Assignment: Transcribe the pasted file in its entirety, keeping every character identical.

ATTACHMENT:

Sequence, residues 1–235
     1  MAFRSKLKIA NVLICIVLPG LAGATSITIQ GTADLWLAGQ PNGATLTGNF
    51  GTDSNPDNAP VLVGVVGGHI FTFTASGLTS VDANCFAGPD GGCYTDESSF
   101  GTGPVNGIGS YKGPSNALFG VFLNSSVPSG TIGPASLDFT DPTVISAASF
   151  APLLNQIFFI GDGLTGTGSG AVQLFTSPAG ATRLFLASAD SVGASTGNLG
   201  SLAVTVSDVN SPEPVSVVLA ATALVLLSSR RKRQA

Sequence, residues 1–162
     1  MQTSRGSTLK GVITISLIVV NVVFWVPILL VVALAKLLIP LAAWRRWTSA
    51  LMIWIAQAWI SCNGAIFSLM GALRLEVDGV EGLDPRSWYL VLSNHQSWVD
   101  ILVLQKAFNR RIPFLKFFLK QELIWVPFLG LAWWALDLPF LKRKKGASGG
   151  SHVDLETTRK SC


Sequence, residues 1–235
     1  MAFRSKLKIA NVLICIVLPG LAGATSITIQ GTADLWLAGQ PNGATLTGNF
    51  GTDSNPDNAP VLVGVVGGHI FTFTASGLTS VDANCFAGPD GGCYTDESSF
   101  GTGPVNGIGS YKGPSNALFG VFLNSSVPSG TIGPASLDFT DPTVISAASF
   151  APLLNQIFFI GDGLTGTGSG AVQLFTSPAG ATRLFLASAD SVGASTGNLG
   201  SLAVTVSDVN SPEPVSVVLA ATALVLLSSR RKRQA

Sequence, residues 1–162
     1  MQTSRGSTLK GVITISLIVV NVVFWVPILL VVALAKLLIP LAAWRRWTSA
    51  LMIWIAQAWI SCNGAIFSLM GALRLEVDGV EGLDPRSWYL VLSNHQSWVD
   101  ILVLQKAFNR RIPFLKFFLK QELIWVPFLG LAWWALDLPF LKRKKGASGG
   151  SHVDLETTRK SC